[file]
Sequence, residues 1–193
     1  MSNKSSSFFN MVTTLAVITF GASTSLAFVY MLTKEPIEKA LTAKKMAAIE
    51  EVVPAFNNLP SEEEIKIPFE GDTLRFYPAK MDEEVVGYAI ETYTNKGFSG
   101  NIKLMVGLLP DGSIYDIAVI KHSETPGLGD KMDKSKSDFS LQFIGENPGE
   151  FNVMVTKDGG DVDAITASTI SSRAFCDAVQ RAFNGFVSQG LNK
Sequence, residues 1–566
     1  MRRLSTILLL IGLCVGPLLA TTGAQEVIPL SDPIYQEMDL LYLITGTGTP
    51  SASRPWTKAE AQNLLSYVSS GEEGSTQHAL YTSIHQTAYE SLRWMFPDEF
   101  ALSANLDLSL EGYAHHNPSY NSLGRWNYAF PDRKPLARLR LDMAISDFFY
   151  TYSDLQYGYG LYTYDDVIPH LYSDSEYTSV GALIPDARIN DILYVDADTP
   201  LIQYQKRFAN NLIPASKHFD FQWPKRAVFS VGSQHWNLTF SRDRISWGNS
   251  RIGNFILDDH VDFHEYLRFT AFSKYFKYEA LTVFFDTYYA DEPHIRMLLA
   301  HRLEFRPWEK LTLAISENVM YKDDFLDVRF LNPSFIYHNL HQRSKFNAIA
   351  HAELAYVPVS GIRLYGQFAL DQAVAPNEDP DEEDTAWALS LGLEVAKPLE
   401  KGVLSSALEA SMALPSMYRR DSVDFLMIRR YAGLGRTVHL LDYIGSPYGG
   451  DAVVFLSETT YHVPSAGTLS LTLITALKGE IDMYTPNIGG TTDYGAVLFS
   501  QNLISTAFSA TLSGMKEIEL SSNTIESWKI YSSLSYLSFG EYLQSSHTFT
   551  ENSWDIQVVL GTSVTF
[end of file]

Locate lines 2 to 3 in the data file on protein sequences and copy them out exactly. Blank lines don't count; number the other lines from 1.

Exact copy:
     1  MSNKSSSFFN MVTTLAVITF GASTSLAFVY MLTKEPIEKA LTAKKMAAIE
    51  EVVPAFNNLP SEEEIKIPFE GDTLRFYPAK MDEEVVGYAI ETYTNKGFSG